Almost 500,000 people in West Virginia are estimated to have prediabetes. Are you at risk?
Click here to assess your risk
Click here to download a paper copy of the Prediabetes Risk Test
What is pre-diabetes?
Before people develop type 2 diabetes they usually have what is called pre-diabetes. You may have heard this referred to as “borderline” diabetes. Pre-diabetes is a condition in which individuals have blood glucose (blood sugar) levels higher than normal but not high enough to be classified as diabetes.
Pre-diabetes usually has no symptoms. The vast majority of people living with pre-diabetes do not know they have it. Some long-term damage to the body, especially the heart and circulatory system, may already be occurring. A person who has pre-diabetes is 5 to 15 times more likely to develop type 2 diabetes than someone with normal blood glucose.
Who is at risk for pre-diabetes?
Many factors increase your risk for pre-diabetes and type 2 diabetes. To find out more about your risk, see which characteristics in this list apply to you:
· I am 45 years of age or older
· I am obese or overweight
· I have a parent, sister, or brother with diabetes
· My family background is African-American, Hispanic/Latino, American Indian, Asian American, or Pacific Islander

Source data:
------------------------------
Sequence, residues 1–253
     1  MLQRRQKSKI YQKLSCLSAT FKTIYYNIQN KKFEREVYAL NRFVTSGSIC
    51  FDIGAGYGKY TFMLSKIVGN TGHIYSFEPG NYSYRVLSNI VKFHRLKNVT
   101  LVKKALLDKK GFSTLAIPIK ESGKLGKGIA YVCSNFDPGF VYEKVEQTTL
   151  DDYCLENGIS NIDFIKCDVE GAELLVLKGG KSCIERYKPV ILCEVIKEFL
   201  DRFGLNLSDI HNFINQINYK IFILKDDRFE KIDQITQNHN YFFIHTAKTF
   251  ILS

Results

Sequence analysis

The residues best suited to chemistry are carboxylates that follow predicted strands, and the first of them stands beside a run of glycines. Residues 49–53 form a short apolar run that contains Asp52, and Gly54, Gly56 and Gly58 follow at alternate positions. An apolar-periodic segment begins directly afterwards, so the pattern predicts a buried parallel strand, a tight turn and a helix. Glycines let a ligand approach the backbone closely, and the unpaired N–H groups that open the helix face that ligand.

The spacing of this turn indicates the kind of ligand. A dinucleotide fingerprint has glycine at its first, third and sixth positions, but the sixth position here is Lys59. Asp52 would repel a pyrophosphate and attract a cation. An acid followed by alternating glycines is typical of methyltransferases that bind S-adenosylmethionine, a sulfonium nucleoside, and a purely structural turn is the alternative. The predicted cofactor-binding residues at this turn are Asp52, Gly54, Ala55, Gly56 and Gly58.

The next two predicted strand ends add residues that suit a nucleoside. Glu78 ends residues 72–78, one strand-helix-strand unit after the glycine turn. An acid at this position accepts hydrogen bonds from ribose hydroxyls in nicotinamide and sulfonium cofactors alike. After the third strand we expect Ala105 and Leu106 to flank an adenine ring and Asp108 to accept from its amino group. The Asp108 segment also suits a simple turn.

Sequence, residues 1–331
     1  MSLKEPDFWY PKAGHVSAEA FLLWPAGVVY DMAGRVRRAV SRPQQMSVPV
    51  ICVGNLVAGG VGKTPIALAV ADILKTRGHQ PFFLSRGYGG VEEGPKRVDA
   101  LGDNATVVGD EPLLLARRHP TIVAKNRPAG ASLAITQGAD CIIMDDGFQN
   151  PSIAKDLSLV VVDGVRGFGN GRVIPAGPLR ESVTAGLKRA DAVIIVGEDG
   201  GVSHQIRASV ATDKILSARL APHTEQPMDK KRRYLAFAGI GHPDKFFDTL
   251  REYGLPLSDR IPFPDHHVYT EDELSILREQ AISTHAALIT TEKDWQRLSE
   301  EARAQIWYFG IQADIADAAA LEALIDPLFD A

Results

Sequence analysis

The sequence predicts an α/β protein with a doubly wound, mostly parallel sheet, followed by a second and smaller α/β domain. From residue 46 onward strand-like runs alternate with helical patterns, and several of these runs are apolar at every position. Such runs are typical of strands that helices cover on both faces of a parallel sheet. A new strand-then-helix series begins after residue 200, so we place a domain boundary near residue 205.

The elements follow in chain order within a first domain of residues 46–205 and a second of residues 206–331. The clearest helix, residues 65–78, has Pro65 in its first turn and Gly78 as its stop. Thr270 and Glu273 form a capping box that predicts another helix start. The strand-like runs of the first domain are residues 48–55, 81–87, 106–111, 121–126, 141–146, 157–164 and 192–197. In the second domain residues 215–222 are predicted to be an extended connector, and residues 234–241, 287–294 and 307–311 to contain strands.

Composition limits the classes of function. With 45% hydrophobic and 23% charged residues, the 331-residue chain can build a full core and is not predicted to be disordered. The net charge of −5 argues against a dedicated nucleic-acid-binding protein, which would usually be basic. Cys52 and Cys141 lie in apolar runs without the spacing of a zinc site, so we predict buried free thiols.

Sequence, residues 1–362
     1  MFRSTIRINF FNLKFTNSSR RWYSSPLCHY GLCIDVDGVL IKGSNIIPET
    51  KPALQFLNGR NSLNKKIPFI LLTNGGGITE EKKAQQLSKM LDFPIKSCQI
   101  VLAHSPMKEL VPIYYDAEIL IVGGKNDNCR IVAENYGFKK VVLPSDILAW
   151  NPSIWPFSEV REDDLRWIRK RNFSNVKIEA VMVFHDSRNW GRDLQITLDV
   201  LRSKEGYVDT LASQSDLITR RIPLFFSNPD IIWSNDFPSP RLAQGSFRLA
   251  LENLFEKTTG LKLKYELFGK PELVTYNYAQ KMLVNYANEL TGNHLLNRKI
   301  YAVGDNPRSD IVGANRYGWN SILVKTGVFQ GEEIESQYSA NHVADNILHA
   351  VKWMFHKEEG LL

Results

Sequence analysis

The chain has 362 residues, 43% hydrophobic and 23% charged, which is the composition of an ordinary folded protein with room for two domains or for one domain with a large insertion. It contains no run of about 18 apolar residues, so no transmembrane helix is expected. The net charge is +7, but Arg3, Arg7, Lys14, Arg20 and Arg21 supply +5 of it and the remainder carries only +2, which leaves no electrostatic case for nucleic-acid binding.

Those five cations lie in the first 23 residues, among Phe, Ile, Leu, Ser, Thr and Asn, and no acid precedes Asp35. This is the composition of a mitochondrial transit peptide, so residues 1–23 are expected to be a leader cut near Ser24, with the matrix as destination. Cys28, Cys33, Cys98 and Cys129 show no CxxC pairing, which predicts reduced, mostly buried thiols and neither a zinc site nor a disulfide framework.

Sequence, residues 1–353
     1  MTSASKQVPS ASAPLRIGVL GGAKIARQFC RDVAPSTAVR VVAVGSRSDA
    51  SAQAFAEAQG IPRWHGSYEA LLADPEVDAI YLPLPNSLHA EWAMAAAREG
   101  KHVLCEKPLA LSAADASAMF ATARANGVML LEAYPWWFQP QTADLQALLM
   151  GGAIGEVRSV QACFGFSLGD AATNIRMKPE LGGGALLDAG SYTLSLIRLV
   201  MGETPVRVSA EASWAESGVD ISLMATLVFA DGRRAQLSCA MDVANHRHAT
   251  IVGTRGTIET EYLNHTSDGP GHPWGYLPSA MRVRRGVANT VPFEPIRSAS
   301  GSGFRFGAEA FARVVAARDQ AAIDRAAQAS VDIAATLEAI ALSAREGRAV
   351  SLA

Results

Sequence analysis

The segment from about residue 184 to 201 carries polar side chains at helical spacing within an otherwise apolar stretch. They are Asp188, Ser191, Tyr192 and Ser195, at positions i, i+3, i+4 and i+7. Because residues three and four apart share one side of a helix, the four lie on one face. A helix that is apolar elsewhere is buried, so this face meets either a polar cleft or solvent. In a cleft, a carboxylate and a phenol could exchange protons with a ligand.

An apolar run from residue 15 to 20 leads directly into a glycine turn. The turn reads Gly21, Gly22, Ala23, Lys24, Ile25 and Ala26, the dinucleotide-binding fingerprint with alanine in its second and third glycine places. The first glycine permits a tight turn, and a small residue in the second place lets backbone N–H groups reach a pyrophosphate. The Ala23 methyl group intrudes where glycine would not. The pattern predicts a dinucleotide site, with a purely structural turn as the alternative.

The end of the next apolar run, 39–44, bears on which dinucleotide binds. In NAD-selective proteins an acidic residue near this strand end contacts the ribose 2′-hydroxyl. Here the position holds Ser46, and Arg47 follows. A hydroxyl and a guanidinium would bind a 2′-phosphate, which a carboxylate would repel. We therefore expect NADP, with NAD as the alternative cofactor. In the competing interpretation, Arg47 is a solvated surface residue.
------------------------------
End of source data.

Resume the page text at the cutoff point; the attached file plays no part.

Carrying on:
· I had diabetes while I was pregnant or I gave birth to a baby weighing 9 lbs. or more
· I am physically active less than 3 times a week
How is pre-diabetes diagnosed?
· Fasting blood test shows glucose level of 100-125 mg/dl
· A1C value of 5.7%-6.4% (blood test that measures average blood glucose control for the past 2-3 months)
· 2 hour oral glucose tolerance test reveals blood glucose level of 140-199 mg/dl (blood sugar is tested fasting and 2 hours after drinking a sweet liquid)
If the screening test shows you could have pre-diabetes, talk to a health care provider about having your blood glucose level checked as soon as possible. If the glucose level indicates you have pre-diabetes you should consider enrolling in an evidence-based lifestyle change program, such as the National Diabetes Prevention Program, to lower your chances of getting type 2 diabetes. You should also have your blood glucose level checked again in 6 months to 1 year.
If you have prediabetes or are at risk for diabetes click below for information regarding the National Diabetes Prevention Program:
If you are interested in making a lifestyle chang
e to prevent diabetes, click below to locate an organization near you offering the National Diabetes Prevention Program: http://www.cdc.gov/diabetes/prevention/recognition/registry.htm
What is the National Diabetes Prevention Program?
The National Diabetes Prevention Program (DPP) is based on a research study led by the National Institutes of Health and supported by CDC. The participants in the study, who were all at high risk for developing type 2 diabetes, reduced their risk by 58% -71% by losing a modest amount of weight (5%- 7%) and increasing their physical activity to 150 minutes a week.
The National DPP teaches participants strategies for eating healthy and incorporating physical activity into daily life. Coaches work with participants to identify emotions and situations that can sabotage their success, and the group process encourages participants to share strategies for dealing with challenging situations.
Find a National Diabetes Prevention Program near you.